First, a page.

In 1998, Dr. Kathryn Marocchino of Vallejo, CA founded Nikki Hospice Foundation for Pets, the nation’s first nonprofit devoted to home care of terminally ill companion animals. This is how the foundation defined animal hospice: “Animal hospice means seeing through the veil and viewing death not as an enemy to be feared but as a doorway to other states of being. Animal hospice means accepting that we have done our best with what we have been given during a specific moment in time but never feeling regret. Animal hospice means being willing to give death a chance without allowing fear, apprehension of our own discomfort to guide our decisions. Animal hospice means accepting death as a moment of grace and coming to realize that we are still learning, every step of the way. Animal hospice means allowing our animals to teach us what they know about death—far more than we can ever hope to know.”
For many people, most veterinarians included, this flies in the face of conventional wisdom; if an animal is terminally ill and begins to fail, euthanasia is commonly thought to be the next step. A growing number of determined veterinarians and animal caretakers are working to shift the conventional paradigm toward conscious end-of-life care for companion animals. These individuals are raising awareness about the availability of palliative care for dying animals and focusing their practices on end-of-life care to more actively provide supportive care for devoted caretakers and pets during the transitional period.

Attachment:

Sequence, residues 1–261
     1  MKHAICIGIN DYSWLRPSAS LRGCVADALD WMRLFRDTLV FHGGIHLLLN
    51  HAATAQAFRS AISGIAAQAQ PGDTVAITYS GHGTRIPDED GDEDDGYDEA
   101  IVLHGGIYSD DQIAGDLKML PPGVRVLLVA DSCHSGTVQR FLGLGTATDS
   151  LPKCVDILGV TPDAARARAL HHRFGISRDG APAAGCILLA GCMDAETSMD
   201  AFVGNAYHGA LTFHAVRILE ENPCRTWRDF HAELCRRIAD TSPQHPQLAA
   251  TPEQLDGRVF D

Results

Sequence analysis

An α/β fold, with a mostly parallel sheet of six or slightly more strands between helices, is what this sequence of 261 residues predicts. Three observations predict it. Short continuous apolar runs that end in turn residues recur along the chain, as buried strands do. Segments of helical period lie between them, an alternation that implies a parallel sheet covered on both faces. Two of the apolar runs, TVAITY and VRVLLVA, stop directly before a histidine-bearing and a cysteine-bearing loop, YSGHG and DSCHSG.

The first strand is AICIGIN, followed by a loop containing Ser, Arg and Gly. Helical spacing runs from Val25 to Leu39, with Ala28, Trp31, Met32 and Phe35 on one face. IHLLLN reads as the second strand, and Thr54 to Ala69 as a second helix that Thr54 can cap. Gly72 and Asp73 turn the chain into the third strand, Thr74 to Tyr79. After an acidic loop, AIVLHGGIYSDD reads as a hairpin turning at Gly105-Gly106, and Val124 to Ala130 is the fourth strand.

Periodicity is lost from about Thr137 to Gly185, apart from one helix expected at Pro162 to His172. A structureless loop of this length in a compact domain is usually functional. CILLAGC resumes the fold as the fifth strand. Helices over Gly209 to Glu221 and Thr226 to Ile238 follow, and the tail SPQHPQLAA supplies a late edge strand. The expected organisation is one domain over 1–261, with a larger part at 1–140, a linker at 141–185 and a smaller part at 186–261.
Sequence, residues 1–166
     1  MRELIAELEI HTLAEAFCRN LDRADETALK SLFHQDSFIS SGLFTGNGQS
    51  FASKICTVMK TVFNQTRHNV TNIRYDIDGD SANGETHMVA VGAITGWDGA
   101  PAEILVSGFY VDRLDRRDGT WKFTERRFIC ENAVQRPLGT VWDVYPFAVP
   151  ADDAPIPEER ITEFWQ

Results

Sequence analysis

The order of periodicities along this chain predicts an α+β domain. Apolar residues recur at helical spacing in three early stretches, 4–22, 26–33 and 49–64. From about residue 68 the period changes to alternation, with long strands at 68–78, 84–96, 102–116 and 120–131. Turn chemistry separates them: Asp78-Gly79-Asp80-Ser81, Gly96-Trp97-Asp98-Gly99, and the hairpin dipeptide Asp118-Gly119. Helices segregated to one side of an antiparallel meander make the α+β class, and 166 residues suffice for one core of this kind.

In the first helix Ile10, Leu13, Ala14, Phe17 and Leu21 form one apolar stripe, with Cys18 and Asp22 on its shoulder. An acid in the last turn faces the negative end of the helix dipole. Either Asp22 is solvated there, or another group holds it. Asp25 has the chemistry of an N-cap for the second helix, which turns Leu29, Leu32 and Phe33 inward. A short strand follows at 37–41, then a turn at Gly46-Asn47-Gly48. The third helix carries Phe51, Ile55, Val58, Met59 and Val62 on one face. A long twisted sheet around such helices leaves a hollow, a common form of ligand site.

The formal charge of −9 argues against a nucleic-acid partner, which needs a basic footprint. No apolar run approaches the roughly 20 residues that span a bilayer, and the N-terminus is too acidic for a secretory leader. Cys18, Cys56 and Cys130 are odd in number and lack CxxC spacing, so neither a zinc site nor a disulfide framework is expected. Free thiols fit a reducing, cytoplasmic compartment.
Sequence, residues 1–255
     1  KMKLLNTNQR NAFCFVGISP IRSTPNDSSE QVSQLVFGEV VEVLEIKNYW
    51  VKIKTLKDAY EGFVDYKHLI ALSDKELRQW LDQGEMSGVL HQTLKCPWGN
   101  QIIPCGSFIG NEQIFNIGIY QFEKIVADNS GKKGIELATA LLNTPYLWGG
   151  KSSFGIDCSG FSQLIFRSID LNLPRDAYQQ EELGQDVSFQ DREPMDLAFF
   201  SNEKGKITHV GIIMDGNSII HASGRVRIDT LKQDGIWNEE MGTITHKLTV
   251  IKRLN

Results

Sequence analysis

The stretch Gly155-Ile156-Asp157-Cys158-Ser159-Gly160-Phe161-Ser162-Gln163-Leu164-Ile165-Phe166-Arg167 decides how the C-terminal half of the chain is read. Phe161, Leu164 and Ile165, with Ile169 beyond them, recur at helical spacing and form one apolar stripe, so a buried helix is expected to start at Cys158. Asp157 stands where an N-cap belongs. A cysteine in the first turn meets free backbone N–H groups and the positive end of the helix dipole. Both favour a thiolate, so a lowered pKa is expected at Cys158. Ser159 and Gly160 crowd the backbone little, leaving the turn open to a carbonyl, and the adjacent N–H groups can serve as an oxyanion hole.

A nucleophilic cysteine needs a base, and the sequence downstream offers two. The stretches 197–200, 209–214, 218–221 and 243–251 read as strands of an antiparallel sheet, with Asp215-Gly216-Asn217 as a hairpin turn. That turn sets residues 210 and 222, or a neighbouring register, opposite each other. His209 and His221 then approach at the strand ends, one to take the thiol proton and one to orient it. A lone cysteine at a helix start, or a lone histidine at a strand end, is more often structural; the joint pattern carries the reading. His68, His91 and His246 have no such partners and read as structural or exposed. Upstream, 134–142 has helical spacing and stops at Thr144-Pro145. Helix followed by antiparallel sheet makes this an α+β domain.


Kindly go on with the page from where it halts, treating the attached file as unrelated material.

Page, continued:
Stamford veterinarian Mary Craig began her mobile veterinary practice Gentle Goodbye three years ago specifically to serve the needs of families and animals nearing the end of the journey together. “Many vets don’t believe in hospice care for pets because they think they should euthanize the animal if suffering is occurring,” she says. “I don’t think the two are mutually exclusive or the same thing.” She refers to the hospice or palliative care phase as the time “when we don’t necessarily have to euthanize, but we have to do something to maintain some quality of life for the animal. In many ways, it’s the gap in time between when the animal is ready and the owner is ready.”
The American Veterinary Medical Association (AVMA) has issued guidelines on veterinary hospice care, defining it as care “that will allow a terminally ill animal to live comfortably at home or in a facility, and [AVMA] does not believe that such care precludes euthanasia. The comfort of the animal must always be considered when veterinary hospice care is provided. As in the case of human hospice programs, patients must have a terminal illness with a short life expectancy.”
The International Association of Animal Hospice and Palliative Care (IAAHPC) was founded in 2009 by a small group of veterinarians concerned with the lack of preparation veterinarians are given to deal with death and the dying process. The group’s focus is on educating veterinarians and gathering research to help support the creation of better training in veterinary schools for this subspecialty. The association holds an annual meeting once per year and draws increasing numbers of curious vets each year to discuss end-of-life topics which may not be taken seriously by the majority of the profession.
Dale Krier of Creature Comforts Mobile Veterinary Service in Sherman attended the IAAHPC meeting last fall and it was a watershed event for her. She has maintained a successful full-service mobile veterinary practice for 19 years, but is now shifting her focus to specialize in hospice and end-of-life care. “What I’ve realized over time is that while I love working with happy, healthy animals, there are plenty of vets available to take care of them,” she explains. “In general, we as vets have been poorly prepared to help our clients when they get to the later stages and fewer people call when they’re in the palliative phase because they’re unaware that there might be support available. So the call we get is usually when it’s at the end. It’s my goal to help change that and make the last days or weeks better for the animal and the family.”